The sixth step in overcoming depression is to process your losses. A loss can be real, threatened or imagined, which is often a negative thought or lie that is believed. Either one can precipitate a depression. How we respond to any loss or crisis will determine how fast we recover. The following steps will help you overcome your losses:
1. Identify each loss
Concrete losses are easier to recognize than abstract losses. Changing jobs and moving to a new location can precipitate a depression even though it could improve your social status and financial base. The move may mean the loss of friends, community, and church. It will take some time to build new friendships and become part of a new church family. Many losses are multifaceted. For instance, the concrete loss of a job and wages may be accompanied by the abstract losses of self-respect, sense of worth, or collegial relationships. People don’t react the same to losses because they have different values, and different levels of maturity. In order to get beyond denial and into the grieving process, you must understand what it is that you are losing or have already lost.
2. Separate concrete from abstract losses
Concrete losses are tangible while abstract losses relate more to personal goals, dreams and ideas. Abstract losses relate deeply to who we are, and why we are here. Many concrete losses, such as the loss of a job, are contaminated with abstract loses. You may find a new job next week, but remain depressed because you feel the pain of rejection and wrongly believe you are a failure. That is another reason why it is so important to understand who we are in Christ and find our acceptance, security, and significance in Him.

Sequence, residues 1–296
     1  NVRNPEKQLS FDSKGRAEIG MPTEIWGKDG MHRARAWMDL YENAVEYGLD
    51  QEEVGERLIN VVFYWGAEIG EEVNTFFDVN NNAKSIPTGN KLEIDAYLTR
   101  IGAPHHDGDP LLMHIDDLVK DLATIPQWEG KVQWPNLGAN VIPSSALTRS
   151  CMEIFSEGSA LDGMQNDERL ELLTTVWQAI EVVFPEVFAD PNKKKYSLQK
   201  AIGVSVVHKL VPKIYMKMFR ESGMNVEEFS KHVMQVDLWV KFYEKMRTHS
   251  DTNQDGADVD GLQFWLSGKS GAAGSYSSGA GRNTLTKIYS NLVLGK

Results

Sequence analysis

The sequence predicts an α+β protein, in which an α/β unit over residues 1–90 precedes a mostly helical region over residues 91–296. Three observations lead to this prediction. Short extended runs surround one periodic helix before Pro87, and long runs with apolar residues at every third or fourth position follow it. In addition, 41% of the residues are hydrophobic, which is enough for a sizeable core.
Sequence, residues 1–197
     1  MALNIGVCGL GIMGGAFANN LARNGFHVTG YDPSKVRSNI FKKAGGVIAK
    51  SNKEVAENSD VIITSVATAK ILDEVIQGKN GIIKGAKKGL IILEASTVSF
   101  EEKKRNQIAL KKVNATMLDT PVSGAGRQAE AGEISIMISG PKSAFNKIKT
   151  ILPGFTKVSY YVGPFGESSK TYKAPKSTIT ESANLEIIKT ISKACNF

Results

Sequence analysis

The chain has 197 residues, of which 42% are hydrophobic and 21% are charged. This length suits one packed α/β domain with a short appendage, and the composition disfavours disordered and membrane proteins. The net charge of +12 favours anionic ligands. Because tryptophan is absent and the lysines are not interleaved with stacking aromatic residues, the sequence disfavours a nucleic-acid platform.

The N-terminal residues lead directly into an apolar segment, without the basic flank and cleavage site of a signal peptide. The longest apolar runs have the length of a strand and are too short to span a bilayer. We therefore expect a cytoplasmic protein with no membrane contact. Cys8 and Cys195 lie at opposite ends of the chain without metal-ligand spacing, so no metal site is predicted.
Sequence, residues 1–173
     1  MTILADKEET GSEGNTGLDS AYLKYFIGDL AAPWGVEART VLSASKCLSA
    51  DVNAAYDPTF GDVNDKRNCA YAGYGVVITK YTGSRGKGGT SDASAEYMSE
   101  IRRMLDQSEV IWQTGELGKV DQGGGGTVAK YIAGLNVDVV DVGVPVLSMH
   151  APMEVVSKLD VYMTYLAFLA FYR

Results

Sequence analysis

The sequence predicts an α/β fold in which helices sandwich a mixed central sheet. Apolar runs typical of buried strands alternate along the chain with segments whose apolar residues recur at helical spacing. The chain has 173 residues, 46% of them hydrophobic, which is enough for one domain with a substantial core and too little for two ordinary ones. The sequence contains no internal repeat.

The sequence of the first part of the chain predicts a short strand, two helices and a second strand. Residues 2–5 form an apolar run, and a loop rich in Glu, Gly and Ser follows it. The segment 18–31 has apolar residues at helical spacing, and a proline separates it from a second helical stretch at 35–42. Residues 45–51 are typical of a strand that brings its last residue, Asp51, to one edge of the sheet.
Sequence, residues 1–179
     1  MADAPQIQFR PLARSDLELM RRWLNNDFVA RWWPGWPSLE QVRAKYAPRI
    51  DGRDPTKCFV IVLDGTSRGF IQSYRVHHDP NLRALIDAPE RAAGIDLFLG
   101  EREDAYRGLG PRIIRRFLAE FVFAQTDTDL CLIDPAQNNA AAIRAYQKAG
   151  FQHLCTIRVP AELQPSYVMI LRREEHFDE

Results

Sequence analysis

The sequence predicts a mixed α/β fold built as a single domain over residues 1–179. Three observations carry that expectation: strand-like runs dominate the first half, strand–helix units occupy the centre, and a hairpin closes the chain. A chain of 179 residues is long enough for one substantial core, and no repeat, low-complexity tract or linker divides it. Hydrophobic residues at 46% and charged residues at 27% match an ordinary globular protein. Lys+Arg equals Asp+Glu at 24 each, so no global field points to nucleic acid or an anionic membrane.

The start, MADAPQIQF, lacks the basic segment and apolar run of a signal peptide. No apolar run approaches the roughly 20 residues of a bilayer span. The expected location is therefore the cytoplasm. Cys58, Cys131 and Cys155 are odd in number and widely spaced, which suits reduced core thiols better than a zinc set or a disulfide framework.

3. Separate real, imagined, and threatened losses
You cannot process an imagined or threatened loss in the same way you can a real one. In a real loss you can face the truth, grieve the loss, and make the necessary changes that make it possible to go on living in a meaningful way. A lawyer heard a rumor that his firm was going to be sued for services he performed. He thought, “I’m ruined. The firm is going down and it is all my fault.” Such thinking led to a major depression and anti-depressant medications. I saw him a year later and the company wasn’t sued. It was just imagined.
4. Convert imagined and threatened losses to real losses
Imagined loses are distortions of reality. They are based on suspicions or lies that we have believed, or presumptions that we have made. The mind doesn’t like vacuums and will make assumptions when we don’t know the facts. Seldom does the mind assume the best. We don’t always act upon our assumptions, but if we do we shall be counted among the fools, because through presumption comes nothing but strife (Proverbs 13:10). People ruminate various possibilities and consequences in their minds until they are depressed. The answer is to verify these assumptions and then follow Peter’s advice, “Cast all your anxiety on Him because He cares for you. Be self-controlled and alert. Your enemy the devil prowls around like a roaring lion looking for someone to devour. Resist him, standing firm in your faith” (1 Peter 5:7,8).